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  5. "Corinna mane currit."

"Corinna mane currit."

Translation:Corinna runs early.

November 18, 2019


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A useless note: for a Russian ear [Corinna curit] means Corinna smokes cigarettes/a cigarette


That's on two totally different sides of the health spectrum.


Can "run" (early/late) be used in Latin as in English for situations in which someone is ahead/behind schedule? Or just the speed of pace?


What do you mean? "Early" can mean a slow pace in English? I'm not a native, and I've never heard "early" used this way. Do you have some examples?


In English, you could say, “I am running early,” if you arrive early for an appointment, meaning that you are running ahead of schedule (i.e., have arrived ahead of schedule).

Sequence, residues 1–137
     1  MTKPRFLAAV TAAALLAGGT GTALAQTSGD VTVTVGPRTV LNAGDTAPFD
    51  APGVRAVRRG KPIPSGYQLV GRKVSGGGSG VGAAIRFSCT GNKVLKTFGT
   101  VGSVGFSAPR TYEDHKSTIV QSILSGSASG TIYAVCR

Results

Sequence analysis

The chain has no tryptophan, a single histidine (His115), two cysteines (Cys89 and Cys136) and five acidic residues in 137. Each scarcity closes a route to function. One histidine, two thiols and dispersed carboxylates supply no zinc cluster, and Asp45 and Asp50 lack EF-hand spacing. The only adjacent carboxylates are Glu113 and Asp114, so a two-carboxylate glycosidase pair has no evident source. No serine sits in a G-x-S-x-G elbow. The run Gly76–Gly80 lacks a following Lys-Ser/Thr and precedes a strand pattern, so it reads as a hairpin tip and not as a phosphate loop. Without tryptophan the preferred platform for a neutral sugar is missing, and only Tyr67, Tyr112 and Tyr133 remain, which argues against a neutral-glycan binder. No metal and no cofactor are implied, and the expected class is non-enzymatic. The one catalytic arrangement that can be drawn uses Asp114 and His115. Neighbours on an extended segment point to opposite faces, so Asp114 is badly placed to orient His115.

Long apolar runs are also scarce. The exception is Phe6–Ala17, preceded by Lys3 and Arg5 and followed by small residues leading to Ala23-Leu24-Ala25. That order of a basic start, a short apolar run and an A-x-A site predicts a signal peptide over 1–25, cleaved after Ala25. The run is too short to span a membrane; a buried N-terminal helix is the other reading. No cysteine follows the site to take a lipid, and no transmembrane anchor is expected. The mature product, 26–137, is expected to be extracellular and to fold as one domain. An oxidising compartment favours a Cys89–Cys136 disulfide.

No, "at a slow pace" does not work here. The verb "to run early" means to be ahead of schedule. But that's not what *Corinna mane currit". It means, I think, "Corinna gets up early in the day to go for a run". I would probably render that as "Corinna runs in the early morning" or "Corinna runs early in the day/in the morning".


Really, misspelling Corinna's name is a critical mistake? What the ❤❤❤❤?

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